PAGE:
Growers realize the importance of strong corn roots. Roots, however, do more than anchor corn securely in the soil. They take up moisture and nutrients, allowing the plant to develop.
"Corn breeders work to develop yield potential in a hybrid, but realizing that yield requires a root structure that protects and stabilizes yields," says Jeff Schussler, DuPont Pioneer research scientist. "Root architecture is critical."
Pioneer researchers are working to develop better corn root architecture with plenty of fine hair roots to absorb nutrients near the surface and deep-branching roots to access moisture from lower levels of the soil.
Roots are complex. Each corn plant has tens of thousands of tiny roots. Because they're underground, they're hard to study, so researchers don't understand root development as well as they'd like.
But understanding root growth is a key to increasing yields. When a plant puts more energy into root growth, it generally leaves less available for grain production.
"When I talk about corn roots, I suggest we need ‘steep, cheap and deep' roots," says Jonathan Lynch, professor of plant nutrition at Penn State University. "First, we need them to quickly go downward into the soil rather than grow primarily laterally (steep). Second, we need them to grow in a manner that puts less strain on the plant, a metabolic rate that doesn't overtax the plant and detract from ear production. Certain anatomical traits can make capture of nutrients ‘cheaper' for the plant. Finally, we need the ability to go deep for water if conditions demand it."
Genetics offer root diversity
Corn genetics contain tremendous diversity for root architecture and development functions. Lynch notes this provides a great opportunity to learn more and improve root performance.
"Corn roots may be steep or shallow in their growth orientation, they may be thick or thin, they may have lots of fine root hairs or few," Lynch reports. "There's a greater difference in corn plant appearance underground than above ground."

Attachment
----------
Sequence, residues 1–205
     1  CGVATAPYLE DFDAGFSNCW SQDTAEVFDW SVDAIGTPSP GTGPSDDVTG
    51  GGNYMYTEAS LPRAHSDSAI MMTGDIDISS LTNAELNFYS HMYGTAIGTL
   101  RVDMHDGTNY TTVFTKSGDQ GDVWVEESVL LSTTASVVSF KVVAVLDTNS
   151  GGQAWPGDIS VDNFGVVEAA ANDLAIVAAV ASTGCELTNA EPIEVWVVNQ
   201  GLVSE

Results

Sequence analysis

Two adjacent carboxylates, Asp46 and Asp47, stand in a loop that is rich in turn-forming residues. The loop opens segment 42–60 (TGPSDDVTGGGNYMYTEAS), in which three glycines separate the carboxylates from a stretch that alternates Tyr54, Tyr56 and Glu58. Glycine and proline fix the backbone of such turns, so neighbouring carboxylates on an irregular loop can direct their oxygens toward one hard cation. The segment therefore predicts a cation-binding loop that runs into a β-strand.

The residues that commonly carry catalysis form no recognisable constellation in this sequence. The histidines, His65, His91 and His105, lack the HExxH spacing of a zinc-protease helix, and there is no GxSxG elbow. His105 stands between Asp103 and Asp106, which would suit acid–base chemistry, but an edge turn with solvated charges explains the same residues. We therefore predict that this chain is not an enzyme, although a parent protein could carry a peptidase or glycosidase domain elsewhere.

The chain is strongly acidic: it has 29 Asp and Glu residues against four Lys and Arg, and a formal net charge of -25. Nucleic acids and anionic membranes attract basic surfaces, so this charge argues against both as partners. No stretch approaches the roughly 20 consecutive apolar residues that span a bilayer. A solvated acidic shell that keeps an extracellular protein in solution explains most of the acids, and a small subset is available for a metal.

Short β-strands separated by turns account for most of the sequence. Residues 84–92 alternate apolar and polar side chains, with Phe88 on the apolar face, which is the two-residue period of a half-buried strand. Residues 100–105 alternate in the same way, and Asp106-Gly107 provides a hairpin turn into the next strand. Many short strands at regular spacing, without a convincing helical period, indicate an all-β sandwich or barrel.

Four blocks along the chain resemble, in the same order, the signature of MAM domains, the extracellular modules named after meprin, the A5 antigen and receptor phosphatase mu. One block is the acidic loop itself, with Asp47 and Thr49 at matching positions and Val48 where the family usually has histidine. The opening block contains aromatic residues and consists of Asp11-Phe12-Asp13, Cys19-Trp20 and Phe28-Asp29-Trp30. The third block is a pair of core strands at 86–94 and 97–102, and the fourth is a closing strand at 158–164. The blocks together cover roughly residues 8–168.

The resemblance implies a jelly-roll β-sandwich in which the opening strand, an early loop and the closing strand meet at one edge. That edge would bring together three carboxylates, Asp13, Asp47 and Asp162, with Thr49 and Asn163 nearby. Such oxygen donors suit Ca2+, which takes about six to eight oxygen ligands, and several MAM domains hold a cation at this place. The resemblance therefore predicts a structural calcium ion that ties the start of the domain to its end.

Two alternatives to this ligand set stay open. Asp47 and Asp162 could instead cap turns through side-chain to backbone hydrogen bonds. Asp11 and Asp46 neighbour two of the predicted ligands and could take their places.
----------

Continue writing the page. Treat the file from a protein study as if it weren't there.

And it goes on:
Not all roots are equal. While the growth of primary and nodal roots continues as the soil dries, the growth of lateral (branch) roots may be inhibited. Researchers are asking which roots need to grow more efficiently and when, given the wide range of environmental conditions the plant may face during the growing season.
Lynch notes drought is the biggest limit to yields for U.S. growers. "We may be getting less than half of modern hybrids' yield potential, mainly due to water stress," he says. "As rain patterns and climates change, we'll need to consider ways to limit the impact of these stresses."
Pioneer has developed Optimum® AQUAmax™ hybrids to boost corn performance in these water-limited environments. Native genetic variation offers higher yields under low-moisture conditions. Pioneer is characterizing the root architecture of these hybrids to learn more about why they perform. This will help improve roots in new hybrids.
"We're using virtual root phenotyping," Schussler reports. "We place probes in the soil and measure water uptake to determine where the roots are. One hybrid may grow an inch per day in a dry environment, while another grows 1.5 inches." The goal is to improve how hybrids grow, flower and yield even when water supplies are limited.
Flexible or "plastic" roots do a better job of maintaining water and nutrient uptake, notes Bob Sharp, professor of plant sciences at the University of Missouri. Achieving balance is complicated. "We may find optimal nutrient uptake requires one type of root architecture while optimal water uptake requires another."
"We're still learning," Schussler adds. "Root response to dry zones can be unpredictable. We know some hybrids respond differently, some handle stress better. We're trying to develop root systems that access and utilize water more efficiently."
Rooting for your roots
Growers can make management decisions that impact corn root performance. Here are some tips from Jonathan Lynch of Penn State University.
In 223 on-farm comparisons, product advancement tests and research trials in 2008-2010 in water-limited environments concentrated in NE, CO, KS and TX and controlled stress evaluations in California and Chile, Optimum®AQUAmax® hybrids were tested against leading commercially available competitor and Pioneer hybrids. Optimum AQUAmax hybrids demonstrated a 5.0 percent average yield advantage over the leading commercial hybrids tested. Water-limited environments are those in which the water supply/demand ratio during flowering or grain fill was less than 0.66 on a 0-1 scale (1 = adequate moisture as determined by Pioneer) using Pioneer's proprietary EnClass®system and in which the average yield of the commercially available hybrids was less than 150 bu/acre. Moisture levels were measured either at trial location or the nearest weather station. Product performance in water-limited environments is variable and depends on many factors such as the severity and timing of moisture deficiency, heat stress, soil type, management practices and environmental stress as well as disease and pest pressures. All hybrids may exhibit reduced yield under water and heat stress. Individual results may vary.